The plot of the new Jack Lemmon-Sissy Spacek thriller Missing is at issue. As Hollywood tells the story, Manhattan executive Edmund Horman (portrayed by Lemmon) flies to a South American country resembling Chile to find his son, Charles, who has disappeared during a right-wing military coup. Charles is a free-lance journalist with leftist sympathies. The father is stymied at every turn in his search. He looks for clues in prison camps, police stations, government offices, but everywhere he meets with uncooperative government officials, an insensitive American Embassy and overwhelming contempt. Finally Edmund Horman and his daughter-in-law, played by Spacek, are brusquely informed that Charles’ fingerprints match those of a bullet-riddled corpse that had been buried in the national cemetery.
Missing opens with the statement, “This film is based on a true story. The incidents and facts are documented.” The State Department disputes those claims. The movie strongly implies that with the consent of American officials, Charles, 31, was arrested by Chilean police during the 1973 coup that toppled the Marxist government of Salvador Allende. The film also creates the impression that the U.S. government masterminded the coup and had Horman liquidated because he had uncovered proof of American involvement.
The State Department issued a detailed, three-page rebuttal. Meanwhile the man who served as U.S. Ambassador to Chile at the time, Nathaniel Davis, is threatening a defamation suit against Universal, the studio that made the movie. “Missing makes two central points,” says Davis, echoing State’s position. “Both are not true. The first is that the U.S. government was an accomplice in Charles Horman’s death; the second, that we organized and plotted the coup. A Senate committee spent more than a year looking into the coup, with full access to the most secret files of the CIA and the State and Defense Departments. It came up with very clear findings: The United States did not engage in coup-plotting in 1973.”
The film’s director, Constantin (Z, State of Siege) Costa-Gavras, who adapted the story from the 1978 book The Execution of Charles Horman: An American Sacrifice, by Thomas Hauser, insists, “I have strong convictions the death was covered up. The book had five times more accusations than my film.” The real Edmund Horman, a 75-year-old retired industrial designer, says, “There is nothing in the film that wasn’t based on absolute fact.” Charles Horman’s widow, Joyce, 37, confirms Edmund’s statement that “Davis and other U.S. officials lied about Charles when I was in Santiago, and they are lying now. No Chilean would have shot an American if another American didn’t cosign the kill order.”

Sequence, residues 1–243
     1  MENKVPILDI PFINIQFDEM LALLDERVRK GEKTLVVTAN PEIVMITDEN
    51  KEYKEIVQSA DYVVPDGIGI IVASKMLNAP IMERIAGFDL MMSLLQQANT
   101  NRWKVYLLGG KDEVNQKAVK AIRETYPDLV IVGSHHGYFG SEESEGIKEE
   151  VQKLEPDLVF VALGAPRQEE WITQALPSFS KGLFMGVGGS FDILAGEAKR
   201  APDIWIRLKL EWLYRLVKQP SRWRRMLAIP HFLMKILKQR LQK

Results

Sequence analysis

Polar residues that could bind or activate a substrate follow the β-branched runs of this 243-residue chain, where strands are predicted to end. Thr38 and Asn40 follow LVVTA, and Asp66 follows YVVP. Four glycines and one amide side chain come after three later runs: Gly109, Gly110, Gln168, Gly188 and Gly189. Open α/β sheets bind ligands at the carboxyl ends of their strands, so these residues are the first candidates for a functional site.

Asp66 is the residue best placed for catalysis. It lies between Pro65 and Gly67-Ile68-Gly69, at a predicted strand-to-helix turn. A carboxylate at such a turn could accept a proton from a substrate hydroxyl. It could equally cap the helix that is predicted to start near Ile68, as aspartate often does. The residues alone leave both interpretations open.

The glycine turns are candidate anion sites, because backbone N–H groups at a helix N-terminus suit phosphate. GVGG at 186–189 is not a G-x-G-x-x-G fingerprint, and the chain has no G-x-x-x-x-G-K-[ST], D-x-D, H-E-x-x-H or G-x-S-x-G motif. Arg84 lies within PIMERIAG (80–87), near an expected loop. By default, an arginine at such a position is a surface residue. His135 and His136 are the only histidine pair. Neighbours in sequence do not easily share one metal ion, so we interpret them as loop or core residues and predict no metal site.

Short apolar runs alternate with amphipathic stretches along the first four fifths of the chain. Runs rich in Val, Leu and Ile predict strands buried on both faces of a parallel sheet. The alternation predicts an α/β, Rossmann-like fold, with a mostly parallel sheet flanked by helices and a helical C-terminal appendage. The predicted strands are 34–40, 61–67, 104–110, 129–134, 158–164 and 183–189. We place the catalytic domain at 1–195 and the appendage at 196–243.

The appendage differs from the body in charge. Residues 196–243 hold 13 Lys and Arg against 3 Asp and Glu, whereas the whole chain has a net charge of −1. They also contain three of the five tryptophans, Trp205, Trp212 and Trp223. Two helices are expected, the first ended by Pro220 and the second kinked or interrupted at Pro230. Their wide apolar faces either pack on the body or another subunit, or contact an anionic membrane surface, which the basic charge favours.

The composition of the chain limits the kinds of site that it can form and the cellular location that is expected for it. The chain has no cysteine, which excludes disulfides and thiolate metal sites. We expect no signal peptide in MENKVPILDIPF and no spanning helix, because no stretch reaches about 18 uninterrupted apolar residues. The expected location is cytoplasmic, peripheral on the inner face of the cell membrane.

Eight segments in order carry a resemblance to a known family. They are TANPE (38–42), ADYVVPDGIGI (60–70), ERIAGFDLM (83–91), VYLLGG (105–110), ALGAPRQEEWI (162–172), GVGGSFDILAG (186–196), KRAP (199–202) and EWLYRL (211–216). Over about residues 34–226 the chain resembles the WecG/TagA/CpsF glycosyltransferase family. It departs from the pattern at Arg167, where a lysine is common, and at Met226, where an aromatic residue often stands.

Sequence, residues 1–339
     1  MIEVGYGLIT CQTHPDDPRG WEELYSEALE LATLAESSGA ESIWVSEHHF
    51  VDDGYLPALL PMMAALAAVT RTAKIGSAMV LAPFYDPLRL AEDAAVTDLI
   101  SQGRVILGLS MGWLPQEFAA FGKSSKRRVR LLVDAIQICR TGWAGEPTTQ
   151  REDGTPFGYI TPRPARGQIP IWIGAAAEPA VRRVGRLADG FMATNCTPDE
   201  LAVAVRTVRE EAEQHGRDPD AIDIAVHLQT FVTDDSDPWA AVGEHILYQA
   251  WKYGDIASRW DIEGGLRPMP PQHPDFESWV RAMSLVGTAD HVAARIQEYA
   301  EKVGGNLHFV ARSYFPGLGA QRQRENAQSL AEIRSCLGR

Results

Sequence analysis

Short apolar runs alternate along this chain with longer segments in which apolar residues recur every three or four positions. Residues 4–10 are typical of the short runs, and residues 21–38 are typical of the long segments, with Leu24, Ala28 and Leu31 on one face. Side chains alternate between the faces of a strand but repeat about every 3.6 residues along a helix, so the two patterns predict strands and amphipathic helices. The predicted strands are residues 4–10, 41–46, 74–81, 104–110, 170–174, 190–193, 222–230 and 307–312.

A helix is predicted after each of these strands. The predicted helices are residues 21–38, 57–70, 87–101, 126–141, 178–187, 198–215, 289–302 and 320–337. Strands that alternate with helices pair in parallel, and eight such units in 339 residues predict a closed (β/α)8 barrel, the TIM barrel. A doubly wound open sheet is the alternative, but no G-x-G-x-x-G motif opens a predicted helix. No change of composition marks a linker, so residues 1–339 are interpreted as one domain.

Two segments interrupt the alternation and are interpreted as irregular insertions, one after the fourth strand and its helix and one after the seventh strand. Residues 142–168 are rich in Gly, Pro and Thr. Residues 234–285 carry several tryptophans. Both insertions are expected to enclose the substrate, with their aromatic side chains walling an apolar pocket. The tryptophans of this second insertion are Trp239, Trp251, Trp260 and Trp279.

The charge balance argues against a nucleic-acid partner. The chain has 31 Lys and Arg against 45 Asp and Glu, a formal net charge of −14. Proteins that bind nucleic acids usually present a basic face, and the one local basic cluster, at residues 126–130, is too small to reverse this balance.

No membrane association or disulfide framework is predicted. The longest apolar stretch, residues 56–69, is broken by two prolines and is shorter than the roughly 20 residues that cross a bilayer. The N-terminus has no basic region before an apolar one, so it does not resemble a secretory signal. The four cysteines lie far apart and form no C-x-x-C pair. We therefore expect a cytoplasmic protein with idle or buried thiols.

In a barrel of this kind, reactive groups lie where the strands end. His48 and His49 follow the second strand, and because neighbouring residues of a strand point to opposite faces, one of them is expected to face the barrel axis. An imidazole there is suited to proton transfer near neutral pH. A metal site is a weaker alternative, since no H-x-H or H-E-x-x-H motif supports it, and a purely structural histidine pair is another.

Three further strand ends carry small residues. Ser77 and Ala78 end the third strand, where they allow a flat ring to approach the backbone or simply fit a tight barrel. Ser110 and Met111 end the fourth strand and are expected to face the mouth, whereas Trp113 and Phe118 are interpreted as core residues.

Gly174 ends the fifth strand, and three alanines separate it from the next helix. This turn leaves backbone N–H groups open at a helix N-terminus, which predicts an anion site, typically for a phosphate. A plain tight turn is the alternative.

The senior Horman was once a conservative who belittled the liberal views his son developed during his education at Exeter and Harvard. The young man, who had an IQ of 192, graduated magna cum laude in 1964 with a degree in English. He had experimented once with drugs(under Timothy Leary) and had been a civil rights activist. After Harvard he dabbled in writing TV documentaries. He married Joyce, the daughter of a Minnesota supermarket owner, in 1968, and in 1972 the couple moved to Santiago. There he occupied his time writing movie scripts (one subject: the history of imperialism in Chile). According to neighbors, “military men” broke into the Horman house in a rundown district on Sept. 17, 1973 and took him to the national stadium, where he was imprisoned.
The Hormans say they have found strength in their search for the truth about Charles. For Joyce, who has started a New York computer consulting firm, it has helped ease the pain of her husband’s death. Edmund believes that he has grown spiritually closer to his son by finally coming to understand Charles’ political views. But Charles’ mother, Elizabeth, the least assertive member of the family, continues to live with her grief. “You stand here and you don’t cry or faint,” she says. “But the years pass, and the hurt doesn’t go away.”